First, the time I heard John Deasy speak at UCLA about a year ago.

Second, a paper that Donald Campbell originally wrote in 1971, which, coincidentally, was the year I was born.

First, when I heard John Deasy speak, he started his speech by asking if anyone in the audience was a student of mythology.  I thought he said methodology, so I raised my hand, and then was rather embarrassed when he asked me to comment on the Greek myth he had used as an analogy.  I say this by way of struggling to excuse my silence when he said something that actually did need correcting.  I’ll try to atone for that now.  But I’m also struggling to give you a sense of John Deasy’s charisma.  He’s a good speaker.  He tells interesting stories, and he cares about the things he talks about.  That night, he was talking about improving teaching, improving teacher evaluation, and not accepting excuses.

“I know some people are uncomfortable about this,” Deasy said.  “But if you want ‘uncomfortable,’ come with me to visit some of our 23,000 students who are homeless.  Not roofless, homeless.  These are kids who have no shelter to sleep in.  They are coming to school with incredible challenges in their lives.  And the only hope they have is to graduate career and college ready.  And the only hope they have for that is to be in a class with a good or great teacher, not just one year, but every year.  That’s our challenge.  We need to provide every student with a good or great teacher.”

This is not an exact quote, but it is close.  And he has expressed similar sentiments on other occasions.  23,000 children in LAUSD are homeless, and the solution is…create a teacher evaluation system so that they have better teachers.

He probably didn’t quite mean that a teacher is more important than a home, but it got me thinking.  From a certain perspective, his logic is compelling and even unassailable.  The Superintendent’s primary, perhaps only, responsibility is to ensure that every student gets a good to great education, and the teacher is the person primarily responsible for delivering that.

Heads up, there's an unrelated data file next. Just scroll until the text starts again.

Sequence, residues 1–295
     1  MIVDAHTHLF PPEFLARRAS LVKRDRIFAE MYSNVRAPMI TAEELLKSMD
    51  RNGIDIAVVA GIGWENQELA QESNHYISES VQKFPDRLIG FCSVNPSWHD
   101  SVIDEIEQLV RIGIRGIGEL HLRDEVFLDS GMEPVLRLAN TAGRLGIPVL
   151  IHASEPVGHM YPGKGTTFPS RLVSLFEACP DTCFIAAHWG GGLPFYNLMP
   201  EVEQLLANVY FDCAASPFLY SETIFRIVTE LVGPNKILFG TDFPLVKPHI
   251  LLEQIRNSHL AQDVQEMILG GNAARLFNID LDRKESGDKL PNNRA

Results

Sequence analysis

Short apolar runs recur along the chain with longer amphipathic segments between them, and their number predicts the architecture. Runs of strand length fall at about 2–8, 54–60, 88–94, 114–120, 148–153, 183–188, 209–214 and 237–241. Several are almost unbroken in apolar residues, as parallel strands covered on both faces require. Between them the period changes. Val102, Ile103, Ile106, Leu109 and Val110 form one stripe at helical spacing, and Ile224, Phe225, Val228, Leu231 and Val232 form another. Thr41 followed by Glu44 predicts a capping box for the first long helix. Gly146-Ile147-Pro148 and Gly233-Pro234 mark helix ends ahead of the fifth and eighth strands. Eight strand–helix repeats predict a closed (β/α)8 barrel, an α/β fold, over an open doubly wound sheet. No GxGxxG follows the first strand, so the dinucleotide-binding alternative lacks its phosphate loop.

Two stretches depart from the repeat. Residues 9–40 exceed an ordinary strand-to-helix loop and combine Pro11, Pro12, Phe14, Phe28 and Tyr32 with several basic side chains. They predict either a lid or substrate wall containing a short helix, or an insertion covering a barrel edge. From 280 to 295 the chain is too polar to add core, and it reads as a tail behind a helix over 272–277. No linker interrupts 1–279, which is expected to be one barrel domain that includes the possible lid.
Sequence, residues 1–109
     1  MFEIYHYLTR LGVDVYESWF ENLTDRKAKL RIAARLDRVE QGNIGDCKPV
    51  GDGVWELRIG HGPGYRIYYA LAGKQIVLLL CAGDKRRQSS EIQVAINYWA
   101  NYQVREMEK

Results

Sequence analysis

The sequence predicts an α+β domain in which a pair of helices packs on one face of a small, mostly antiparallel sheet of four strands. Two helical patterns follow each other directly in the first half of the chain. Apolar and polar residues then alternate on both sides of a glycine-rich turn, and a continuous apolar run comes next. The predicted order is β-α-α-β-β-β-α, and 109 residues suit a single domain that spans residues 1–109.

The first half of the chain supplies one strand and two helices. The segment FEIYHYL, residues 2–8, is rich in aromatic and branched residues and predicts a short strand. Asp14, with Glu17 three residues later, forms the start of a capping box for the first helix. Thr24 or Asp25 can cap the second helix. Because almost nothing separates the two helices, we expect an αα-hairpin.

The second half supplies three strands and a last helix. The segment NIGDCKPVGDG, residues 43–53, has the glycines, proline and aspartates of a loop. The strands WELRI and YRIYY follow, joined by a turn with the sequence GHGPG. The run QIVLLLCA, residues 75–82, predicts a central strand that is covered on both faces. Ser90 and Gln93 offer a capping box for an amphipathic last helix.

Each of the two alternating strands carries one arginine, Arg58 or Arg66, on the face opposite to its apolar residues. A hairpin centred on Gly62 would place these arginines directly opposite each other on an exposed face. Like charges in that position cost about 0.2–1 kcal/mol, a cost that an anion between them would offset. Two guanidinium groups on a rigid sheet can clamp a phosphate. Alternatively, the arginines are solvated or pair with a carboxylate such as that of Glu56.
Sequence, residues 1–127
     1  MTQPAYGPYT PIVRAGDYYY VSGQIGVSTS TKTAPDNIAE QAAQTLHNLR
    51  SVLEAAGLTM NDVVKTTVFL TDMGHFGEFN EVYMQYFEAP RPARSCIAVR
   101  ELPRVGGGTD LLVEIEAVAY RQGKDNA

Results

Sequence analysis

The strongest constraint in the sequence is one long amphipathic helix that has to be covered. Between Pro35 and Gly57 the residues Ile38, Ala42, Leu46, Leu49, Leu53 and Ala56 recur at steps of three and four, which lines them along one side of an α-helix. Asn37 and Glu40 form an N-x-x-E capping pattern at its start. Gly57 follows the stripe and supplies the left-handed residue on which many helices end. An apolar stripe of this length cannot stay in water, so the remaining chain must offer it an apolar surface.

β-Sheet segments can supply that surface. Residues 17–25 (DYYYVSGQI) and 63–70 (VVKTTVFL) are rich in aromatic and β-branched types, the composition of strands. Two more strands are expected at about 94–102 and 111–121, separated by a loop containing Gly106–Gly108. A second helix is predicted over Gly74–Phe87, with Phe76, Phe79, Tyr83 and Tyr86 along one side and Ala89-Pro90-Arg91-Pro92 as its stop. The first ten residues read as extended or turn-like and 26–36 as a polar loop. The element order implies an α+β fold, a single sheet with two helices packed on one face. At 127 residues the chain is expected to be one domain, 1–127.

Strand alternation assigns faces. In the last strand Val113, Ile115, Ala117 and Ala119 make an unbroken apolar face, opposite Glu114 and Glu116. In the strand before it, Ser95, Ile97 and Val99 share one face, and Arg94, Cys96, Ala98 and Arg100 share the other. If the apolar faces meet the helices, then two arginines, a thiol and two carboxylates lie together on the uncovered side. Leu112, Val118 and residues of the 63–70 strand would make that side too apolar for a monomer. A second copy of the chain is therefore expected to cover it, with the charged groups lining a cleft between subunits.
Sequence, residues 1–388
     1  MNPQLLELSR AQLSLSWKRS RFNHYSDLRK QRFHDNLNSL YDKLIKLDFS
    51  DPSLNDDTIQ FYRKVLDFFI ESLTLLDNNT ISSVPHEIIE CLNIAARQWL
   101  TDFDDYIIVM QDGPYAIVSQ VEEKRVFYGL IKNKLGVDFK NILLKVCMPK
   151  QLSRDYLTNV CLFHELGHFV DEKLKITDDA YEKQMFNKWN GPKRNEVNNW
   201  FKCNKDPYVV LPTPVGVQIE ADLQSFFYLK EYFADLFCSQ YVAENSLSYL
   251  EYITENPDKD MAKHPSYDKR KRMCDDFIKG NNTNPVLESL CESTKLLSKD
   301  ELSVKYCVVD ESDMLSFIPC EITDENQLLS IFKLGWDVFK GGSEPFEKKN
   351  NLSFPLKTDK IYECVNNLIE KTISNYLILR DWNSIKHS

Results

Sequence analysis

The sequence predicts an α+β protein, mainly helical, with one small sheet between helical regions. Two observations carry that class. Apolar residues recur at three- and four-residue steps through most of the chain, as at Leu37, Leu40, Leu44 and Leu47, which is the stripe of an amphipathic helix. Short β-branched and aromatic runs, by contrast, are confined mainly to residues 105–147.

Yet, when John Deasy wonders why substantial numbers of teachers are suspicious of his plans (a union poll in April found that 16,000 teachers had “no confidence” in him while only 1,600 expressed support), he might also wonder why he speaks of the problem of homeless students as a reason to revamp teacher evaluation, while other area leaders, such as Kobe Bryant, are working on more direct solutions.  There are realistic, research-based plans that hope to provide homes to every child, and every person, in LA.  But no one questioned Dr. Deasy’s rhetorical flourish that day.

Perhaps we’ve reached a point where no one is actually listening to anything.  One side favors reform.  The other side supports teachers.  Winning requires exaggerating your side, and vilifying the other.  Listening not required, even to your own words.

It’s clear that John Deasy is committed to making teacher evaluations tougher and making teachers better.  But what if, fresh from the stress of facing his own rigorous evaluation, he stopped and said out loud,

“Whoops-a-Deasy!  Teacher evaluation in LAUSD needs changing.  But, we can’t ignore the need to end homelessness, fight poverty, and address the many other needs of children and parents in LA.  Schools and teachers can’t fix all our problems by themselves, and a good teacher is no substitute for a good roof.  So this year, I’m going to ask Warren Fletcher, and every teacher, principal, nurse and bus driver, to join me (and Kobe) at Homewalk to raise money to end homelessness…”?

What if, in other words, John Deasy used his high profile position to fight alongside teachers for broader improvements in the lives of children?

And, here’s a second what if: What if we all stopped making exaggerated claims for our preferred solutions in our perpetual debates, and instead admitted that every idea has limitations?  We might then try to design policies that give us some information.